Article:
Maori view on death to be studied
A team of researchers from Waikato University aims to collect the dying stories of up to 30 people in part of a $300,000 research project into death and bereavement among Maori.
The Kia Ngawari study, which will take three years, is aimed at increasing knowledge and understanding of Maori palliative needs within the healthcare system as well as among whanau.
Dr Tess Moeke-Maxwell, a mental health researcher and professional counsellor, has won a 2010 Health Research Council Career Development Award, worth $341,443, for the post-doctoral research.
The Erihapeti Rehu-Murchie Research Fellowship in Maori Health will allow her to identify and interview up to 30 Maori in Waikato and South Auckland.
She expects she will complete up to eight full case studies.
Dr Moeke-Maxwell said she wanted to be able to gather information on Maori processes associated with end of life.
"We hope people who participate in the study will feel that they are contributing to something important, and see this as a way of helping others and generations to come. At the end of this study we will know a lot more about how whanau are doing during this part of the life cycle."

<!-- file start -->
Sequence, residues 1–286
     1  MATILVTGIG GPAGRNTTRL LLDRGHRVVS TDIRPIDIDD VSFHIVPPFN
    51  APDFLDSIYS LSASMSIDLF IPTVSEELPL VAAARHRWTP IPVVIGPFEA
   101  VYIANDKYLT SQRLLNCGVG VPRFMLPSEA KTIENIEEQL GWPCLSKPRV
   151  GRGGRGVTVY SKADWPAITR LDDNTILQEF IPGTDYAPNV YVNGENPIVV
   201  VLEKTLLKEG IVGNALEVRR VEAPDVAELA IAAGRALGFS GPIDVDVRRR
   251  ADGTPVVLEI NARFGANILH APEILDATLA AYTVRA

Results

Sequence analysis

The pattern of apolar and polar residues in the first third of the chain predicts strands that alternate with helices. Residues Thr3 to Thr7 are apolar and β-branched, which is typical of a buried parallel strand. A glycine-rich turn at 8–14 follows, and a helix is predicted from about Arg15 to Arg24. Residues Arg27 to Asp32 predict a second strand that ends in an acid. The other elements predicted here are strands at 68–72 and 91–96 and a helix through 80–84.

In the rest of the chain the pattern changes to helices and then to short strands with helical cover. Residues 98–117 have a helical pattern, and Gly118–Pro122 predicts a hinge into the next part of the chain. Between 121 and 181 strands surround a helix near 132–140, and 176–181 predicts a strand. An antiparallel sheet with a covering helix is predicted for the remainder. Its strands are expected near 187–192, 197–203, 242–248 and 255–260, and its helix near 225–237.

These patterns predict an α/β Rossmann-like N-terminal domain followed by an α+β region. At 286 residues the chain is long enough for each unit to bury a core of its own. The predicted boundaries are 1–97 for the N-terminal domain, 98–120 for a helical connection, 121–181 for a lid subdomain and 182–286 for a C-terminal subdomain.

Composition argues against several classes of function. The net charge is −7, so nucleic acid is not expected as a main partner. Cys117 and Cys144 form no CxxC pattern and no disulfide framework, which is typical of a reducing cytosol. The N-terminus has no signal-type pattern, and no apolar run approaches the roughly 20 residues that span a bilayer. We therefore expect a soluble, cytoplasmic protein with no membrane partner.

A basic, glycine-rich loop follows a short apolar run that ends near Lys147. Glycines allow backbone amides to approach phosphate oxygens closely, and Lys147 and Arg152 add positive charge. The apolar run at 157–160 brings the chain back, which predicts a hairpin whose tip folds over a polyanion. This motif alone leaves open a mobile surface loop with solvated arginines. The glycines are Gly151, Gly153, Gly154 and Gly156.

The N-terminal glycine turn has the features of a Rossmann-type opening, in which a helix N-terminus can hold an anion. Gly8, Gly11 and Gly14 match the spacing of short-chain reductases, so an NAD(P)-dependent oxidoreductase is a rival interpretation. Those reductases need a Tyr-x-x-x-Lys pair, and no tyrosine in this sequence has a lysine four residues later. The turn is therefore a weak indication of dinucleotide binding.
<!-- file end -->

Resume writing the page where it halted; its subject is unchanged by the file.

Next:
She said she was hopeful that the research would attract a diverse range of participants.
"For example, we'd be interested to talk to people who reflect a range of life-threatening health conditions.
"These women and men will be of different ages, stages of dying and may live alone or with others, and their lives may be influenced by other cultural practices.
"Whanau are very important in this investigation as they are often the pou manawa or central support during the end-of-life phase."
The study will also help identify the gaps in help available from formal and informal services, including the health care system, rest homes, funeral services and Maori support systems.
Associate Professor Linda Waimarie Nikora, the founding director of the Maori & Psychological Research Unit who will also work on the project, said the end-of-life phase was one that had received little attention from researchers.
"This phase has been mediated and defined by religion, and put off-limits to broader social engagement and research, so we don't know too much about it.
"All our information is second-hand, and this study gives us the opportunity to talk to people first-hand."
The study sits alongside two other Waikato University research projects on tangihanga.
Cultural, arts and heritage researcher Professor Ngahuia Te Awekotuku and Associate Professor Nikora are leading a team to explore and record tangihanga practice past and present.
The women have received $950,000 from the Royal Society of New Zealand Marsden Fund and $250,000 from the Nga Pae o te Maramatanga National Institute of Research Excellence to complete a three-year project to look at the historical and social change aspects of tangihanga.